Article by: Joseph M. Cardosi
41 PEPP. L. REV. 125 (2013)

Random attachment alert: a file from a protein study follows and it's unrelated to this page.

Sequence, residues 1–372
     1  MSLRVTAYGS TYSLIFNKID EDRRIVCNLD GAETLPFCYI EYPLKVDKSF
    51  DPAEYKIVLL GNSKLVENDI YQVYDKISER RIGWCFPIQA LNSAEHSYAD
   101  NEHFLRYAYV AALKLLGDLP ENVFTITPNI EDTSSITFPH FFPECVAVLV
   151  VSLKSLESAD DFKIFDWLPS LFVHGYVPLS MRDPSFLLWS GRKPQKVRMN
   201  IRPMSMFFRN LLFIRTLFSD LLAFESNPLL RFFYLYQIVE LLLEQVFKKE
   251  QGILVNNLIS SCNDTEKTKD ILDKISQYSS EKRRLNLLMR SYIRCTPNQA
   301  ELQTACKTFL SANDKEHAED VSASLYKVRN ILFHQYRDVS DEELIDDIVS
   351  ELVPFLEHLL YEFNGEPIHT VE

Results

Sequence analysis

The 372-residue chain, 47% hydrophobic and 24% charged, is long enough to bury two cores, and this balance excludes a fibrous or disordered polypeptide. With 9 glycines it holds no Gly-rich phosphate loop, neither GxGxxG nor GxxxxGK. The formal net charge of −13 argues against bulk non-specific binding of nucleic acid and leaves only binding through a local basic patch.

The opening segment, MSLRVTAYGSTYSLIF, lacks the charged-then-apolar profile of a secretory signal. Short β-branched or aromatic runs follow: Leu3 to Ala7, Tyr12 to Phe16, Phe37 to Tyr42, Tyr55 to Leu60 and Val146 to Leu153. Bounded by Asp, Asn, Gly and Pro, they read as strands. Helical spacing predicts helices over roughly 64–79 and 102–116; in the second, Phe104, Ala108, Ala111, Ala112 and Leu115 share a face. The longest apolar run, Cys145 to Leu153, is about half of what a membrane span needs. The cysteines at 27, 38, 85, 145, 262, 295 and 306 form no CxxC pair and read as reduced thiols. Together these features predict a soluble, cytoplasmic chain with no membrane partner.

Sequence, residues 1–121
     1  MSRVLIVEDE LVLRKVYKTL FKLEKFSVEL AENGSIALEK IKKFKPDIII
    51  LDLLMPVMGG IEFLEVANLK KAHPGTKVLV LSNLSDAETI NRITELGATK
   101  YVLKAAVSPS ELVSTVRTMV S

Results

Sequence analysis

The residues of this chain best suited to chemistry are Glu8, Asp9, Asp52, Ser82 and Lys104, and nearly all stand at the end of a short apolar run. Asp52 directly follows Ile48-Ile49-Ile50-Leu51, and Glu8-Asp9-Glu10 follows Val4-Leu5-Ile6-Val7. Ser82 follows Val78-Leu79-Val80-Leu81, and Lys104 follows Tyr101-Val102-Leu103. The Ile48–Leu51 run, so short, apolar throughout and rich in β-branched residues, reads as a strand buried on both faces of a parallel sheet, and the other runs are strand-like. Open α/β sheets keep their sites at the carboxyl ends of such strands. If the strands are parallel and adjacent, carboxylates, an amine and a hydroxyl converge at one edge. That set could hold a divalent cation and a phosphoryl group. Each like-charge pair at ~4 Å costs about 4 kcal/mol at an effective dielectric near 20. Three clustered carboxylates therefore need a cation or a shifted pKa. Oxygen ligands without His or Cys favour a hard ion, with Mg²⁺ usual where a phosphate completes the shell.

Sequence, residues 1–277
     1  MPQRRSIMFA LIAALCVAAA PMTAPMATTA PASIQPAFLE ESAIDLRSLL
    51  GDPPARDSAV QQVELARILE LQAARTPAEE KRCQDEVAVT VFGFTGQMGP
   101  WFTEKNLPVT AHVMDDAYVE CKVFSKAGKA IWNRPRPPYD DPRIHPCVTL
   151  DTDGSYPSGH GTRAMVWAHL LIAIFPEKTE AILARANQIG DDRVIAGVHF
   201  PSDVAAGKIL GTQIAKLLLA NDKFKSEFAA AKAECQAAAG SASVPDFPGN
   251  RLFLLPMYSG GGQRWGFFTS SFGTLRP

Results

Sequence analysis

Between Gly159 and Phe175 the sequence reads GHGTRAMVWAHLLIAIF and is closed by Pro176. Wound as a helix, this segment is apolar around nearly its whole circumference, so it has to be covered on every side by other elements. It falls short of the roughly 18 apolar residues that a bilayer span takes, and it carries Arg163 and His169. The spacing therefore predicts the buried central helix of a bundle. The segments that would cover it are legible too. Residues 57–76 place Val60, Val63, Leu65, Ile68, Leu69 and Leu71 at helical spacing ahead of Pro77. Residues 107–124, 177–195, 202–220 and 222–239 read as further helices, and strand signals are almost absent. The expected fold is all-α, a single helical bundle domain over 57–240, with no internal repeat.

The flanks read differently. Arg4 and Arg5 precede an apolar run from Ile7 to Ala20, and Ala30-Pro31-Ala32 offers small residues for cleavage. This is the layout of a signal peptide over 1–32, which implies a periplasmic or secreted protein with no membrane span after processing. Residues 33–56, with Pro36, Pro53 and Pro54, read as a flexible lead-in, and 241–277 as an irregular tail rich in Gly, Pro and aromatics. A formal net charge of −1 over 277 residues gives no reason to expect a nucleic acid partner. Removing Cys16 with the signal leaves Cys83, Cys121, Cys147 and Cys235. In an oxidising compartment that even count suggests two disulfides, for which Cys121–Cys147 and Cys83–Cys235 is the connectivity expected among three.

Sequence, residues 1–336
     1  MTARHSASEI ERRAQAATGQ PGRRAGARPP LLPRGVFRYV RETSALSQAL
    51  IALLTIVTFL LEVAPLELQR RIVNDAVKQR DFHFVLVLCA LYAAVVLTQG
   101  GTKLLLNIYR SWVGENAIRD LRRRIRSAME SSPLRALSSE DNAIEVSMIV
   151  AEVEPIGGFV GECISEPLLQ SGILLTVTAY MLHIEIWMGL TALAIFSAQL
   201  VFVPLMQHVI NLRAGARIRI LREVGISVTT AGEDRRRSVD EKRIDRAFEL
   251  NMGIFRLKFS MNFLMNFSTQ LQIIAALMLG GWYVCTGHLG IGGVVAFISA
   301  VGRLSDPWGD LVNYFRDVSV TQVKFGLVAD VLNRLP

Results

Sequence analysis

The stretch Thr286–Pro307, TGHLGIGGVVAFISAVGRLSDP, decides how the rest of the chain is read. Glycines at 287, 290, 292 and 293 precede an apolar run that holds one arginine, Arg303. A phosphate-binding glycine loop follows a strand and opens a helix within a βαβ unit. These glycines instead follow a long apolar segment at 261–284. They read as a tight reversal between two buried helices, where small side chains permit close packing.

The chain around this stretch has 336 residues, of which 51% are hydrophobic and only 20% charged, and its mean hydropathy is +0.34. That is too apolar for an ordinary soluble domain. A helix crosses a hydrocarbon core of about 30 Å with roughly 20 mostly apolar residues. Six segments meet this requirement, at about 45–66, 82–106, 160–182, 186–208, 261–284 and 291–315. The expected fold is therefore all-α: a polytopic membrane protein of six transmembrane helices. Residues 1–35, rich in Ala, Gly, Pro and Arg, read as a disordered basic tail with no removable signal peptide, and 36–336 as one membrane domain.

Winner winner, chicken dinner . . . right? Not so fast. The thrill a private investor experiences after prevailing against a sovereign state in arbitration can quickly turn to frustration when the state refuses to pay up; cashing in is not as easy as presenting the award to a cashier—but maybe it can be. Investor–state arbitration is a dispute resolution procedure that offers a private investor a means to call upon a sovereign state to appear in a neutral forum and respond to investment-mistreatment claims that can lead to binding awards that carry worldwide enforceability. This sovereign generosity is a product of the explosion of foreign direct investment over the last several decades that led to the rise of international investment agreements (IIAs) such as bilateral investment treaties (BITs) and free trade agreements (FTAs). These instruments include dispute resolution provisions that, more often than not, call for arbitration of disputes arising out of the agreement. In the event of a dispute governed by an arbitration clause, the provision provides for an arbitral tribunal with jurisdiction over the parties. Although agreeing to submit to arbitration acts as a waiver of sovereign immunity as to jurisdiction, prevailing investors may encounter the obstacle of sovereign immunity following the arbitration when attempting to execute an award against a noncompliant state. If a state refuses to comply with an award, investors must set off on a worldwide search for assets held by that state; if and when investors find state assets, they must overcome the obstacle of sovereign immunity laws governing access to those assets.